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NEWSLETTERS & ALERTS
BofA IT Guy 'Fathers' an Insider Trading Ring
The SEC busted an insider trading scheme involving 7 individuals who generated over $5 million in profits by trading on confidential information about dozens of impending mergers and acquisitions. Data analysis allowed the SEC’s enforcement staff to uncover the illicit trading despite the traders’ alleged use of shell companies, code words, and an encrypted, self-destructing messaging application to evade detection.
In a parallel action, the U.S. Attorney’s Office for the Southern District of New York today unsealed criminal charges against the same 7 individuals.
- DANIEL RIVAS (age 32). The "mastermind." A resident of Hasbrouck Heights, NJ. From August 2013 to April 2017, Rivas worked in Bank of America’s capital markets technology group in New York, NY. In 2014, Rivas joined a team of IT employees responsible for maintaining a computer system the Bank used to track its investment banking deals. Rivas had access to highly-confidential information about hundreds of potential business combinations that had not yet been announced to the public.
- JAMES MOODHE (60). Resident of New City, NY. Until May 2017, Moodhe worked as an assistant controller and treasurer for a financial services company. Moodhe is the father of Rivas’ girlfriend.
- MICHAEL SIVA (55). A resident of West Orange, NJ. Siva works in the Morristown, NJ, office of The Brokerage Firm, a subsidiary of a large financial services corporation. Siva is Moodhe’s friend and financial advisor.
- ROBERTO RODRIGUEZ (32). A resident of Miami Gardens, FL. Rodriguez is an executive at a tutoring company. He is Rivas’s friend.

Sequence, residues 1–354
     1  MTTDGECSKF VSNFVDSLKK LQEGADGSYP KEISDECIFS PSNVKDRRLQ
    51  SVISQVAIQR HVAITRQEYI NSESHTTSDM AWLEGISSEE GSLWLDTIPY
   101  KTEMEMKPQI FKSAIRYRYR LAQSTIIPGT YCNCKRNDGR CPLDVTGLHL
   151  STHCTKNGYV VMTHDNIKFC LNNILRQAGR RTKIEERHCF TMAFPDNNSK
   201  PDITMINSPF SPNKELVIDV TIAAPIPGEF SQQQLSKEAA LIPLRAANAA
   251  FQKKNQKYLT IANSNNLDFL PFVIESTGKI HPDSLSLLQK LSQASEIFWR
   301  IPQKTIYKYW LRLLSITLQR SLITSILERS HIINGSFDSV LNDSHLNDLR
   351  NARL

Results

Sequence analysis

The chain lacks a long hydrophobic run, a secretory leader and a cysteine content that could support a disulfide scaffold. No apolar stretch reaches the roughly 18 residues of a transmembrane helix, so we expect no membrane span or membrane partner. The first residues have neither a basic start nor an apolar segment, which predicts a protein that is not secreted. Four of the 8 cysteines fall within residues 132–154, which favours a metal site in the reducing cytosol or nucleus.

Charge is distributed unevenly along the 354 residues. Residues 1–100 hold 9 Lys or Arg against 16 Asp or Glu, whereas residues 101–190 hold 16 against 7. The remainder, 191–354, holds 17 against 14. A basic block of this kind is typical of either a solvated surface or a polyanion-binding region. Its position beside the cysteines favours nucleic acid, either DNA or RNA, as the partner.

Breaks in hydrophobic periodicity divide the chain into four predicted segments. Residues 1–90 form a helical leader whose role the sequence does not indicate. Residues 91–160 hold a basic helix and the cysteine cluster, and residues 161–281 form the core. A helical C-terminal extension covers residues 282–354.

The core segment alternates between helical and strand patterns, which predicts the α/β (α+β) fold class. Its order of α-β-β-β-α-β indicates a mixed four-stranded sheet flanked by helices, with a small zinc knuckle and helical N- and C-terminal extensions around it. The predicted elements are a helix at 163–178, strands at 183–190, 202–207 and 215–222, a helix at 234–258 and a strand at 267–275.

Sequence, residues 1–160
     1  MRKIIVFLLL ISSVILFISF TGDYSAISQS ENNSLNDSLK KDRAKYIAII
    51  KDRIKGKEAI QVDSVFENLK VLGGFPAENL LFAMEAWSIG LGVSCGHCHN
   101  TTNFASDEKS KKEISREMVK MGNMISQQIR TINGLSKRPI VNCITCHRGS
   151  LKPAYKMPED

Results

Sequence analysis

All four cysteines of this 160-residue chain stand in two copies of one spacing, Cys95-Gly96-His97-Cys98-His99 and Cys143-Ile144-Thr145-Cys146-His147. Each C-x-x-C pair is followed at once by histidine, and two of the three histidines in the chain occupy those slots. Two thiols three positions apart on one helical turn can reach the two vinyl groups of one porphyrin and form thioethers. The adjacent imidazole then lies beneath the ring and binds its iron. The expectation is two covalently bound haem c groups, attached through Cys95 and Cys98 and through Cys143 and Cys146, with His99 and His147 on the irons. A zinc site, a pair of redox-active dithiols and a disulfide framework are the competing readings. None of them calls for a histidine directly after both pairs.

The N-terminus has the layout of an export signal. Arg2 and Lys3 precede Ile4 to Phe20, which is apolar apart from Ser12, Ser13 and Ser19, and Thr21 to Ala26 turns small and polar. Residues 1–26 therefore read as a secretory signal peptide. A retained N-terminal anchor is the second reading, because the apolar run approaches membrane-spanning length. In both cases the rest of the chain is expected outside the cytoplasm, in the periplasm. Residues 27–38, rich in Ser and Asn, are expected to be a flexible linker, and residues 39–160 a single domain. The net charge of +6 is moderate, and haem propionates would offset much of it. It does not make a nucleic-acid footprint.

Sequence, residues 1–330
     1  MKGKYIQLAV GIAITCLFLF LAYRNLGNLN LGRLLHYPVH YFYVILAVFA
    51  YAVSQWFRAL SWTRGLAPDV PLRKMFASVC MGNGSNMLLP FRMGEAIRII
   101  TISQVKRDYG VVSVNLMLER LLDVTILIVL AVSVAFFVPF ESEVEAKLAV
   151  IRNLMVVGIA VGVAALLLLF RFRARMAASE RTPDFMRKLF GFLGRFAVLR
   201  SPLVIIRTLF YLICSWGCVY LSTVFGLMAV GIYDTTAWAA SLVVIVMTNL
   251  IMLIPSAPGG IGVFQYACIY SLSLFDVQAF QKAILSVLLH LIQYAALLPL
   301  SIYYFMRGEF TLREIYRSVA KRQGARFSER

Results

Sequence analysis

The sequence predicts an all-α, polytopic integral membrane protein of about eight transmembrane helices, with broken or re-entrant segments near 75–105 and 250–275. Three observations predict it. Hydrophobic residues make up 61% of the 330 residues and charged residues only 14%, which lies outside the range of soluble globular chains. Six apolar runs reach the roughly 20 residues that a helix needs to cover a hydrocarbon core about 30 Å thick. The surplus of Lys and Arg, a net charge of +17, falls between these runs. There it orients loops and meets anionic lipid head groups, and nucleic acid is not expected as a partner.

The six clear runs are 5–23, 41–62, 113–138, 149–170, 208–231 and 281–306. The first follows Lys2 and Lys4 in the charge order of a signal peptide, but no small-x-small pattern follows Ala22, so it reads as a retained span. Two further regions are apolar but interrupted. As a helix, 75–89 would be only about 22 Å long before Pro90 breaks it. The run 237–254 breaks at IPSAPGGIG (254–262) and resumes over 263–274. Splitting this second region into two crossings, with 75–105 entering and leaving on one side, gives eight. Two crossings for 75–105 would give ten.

- RODOLFO SABLON (37). A resident of Miami, FL. Sablon is an executive at a tutoring company. He is Rodriguez’s and Rivas’s friend.
- JHONATAN ZOQUIER (33). A resident of Englewood, NJ. Zoquier is a delegate for a local branch of a large international employee union. He is Rivas’s friend.
- JEFFREY ROGIERS (33). A resident of Oakland, CA. Rogiers is a software engineer. He is Zoquier’s friend and also knows Rivas.
SEC FINDINGS. From October 2014 to April 2017, Daniel Rivas, a former IT employee at Bank of America Corporation, was at the center of the alleged scheme. For more than 2 years, Rivas misappropriated material nonpublic information on some 30 impending deals by repeatedly passing the information to defendants his so-called “Direct Tippees: Moodhe, Rodriguez, Sablon and Zoquier. These individuals traded on the information and pass Rivas’ tips to others – creating 3 different tipping chains.
- Rivas frequently tipped his girlfriend’s father, James Moodhe, a former financial services company treasurer, who traded on the information.
- Moodhe, in turn, used coded conversations and in-person meetings to relay the tips to his friend, Michael Siva, a financial advisor at a brokerage firm.
- Siva used the confidential information in several ways: he enter trades on behalf of his brokerage clients (and thus earned commissions for himself), he passed along tips to a client who traded on them, and he traded on behalf of himself and his wife based on 2 of the tips he got from Moodhe.
A separate trading ring allegedly involved 2 of Rivas’s friends in Florida - Roberto Rodriguez and Rodolfo Sablon. They discussed tips on an encrypted, self-destructing smartphone messaging application and used shell companies to carry out their insider trading. Although Rodriguez and Sablon were inexperienced traders, in just over a year they turned less than $100,000 into more than $2 million in profits by making aggressive options trades based on the confidential information. Rodriguez also is alleged to have passed several tips to one of his friends who also traded.
A 3rd trading ring involved Jhonatan Zoquier, another inexperienced trader who profited by trading on inside information communicated through the encrypted messaging application. Zoquier repeatedly passed the confidential information along to Jeffrey Rogiers, who placed several illegal trades for himself and tipped others to trade.
The trading scheme was uncovered by the SEC Market Abuse Unit’s Analysis and Detection Center, which uses data analysis tools to detect suspicious patterns – e.g., improbably successful trading across different securities over time. Enhanced detection capabilities enabled SEC enforcement staff to spot the unusual trading activities.
The SEC investigation continues.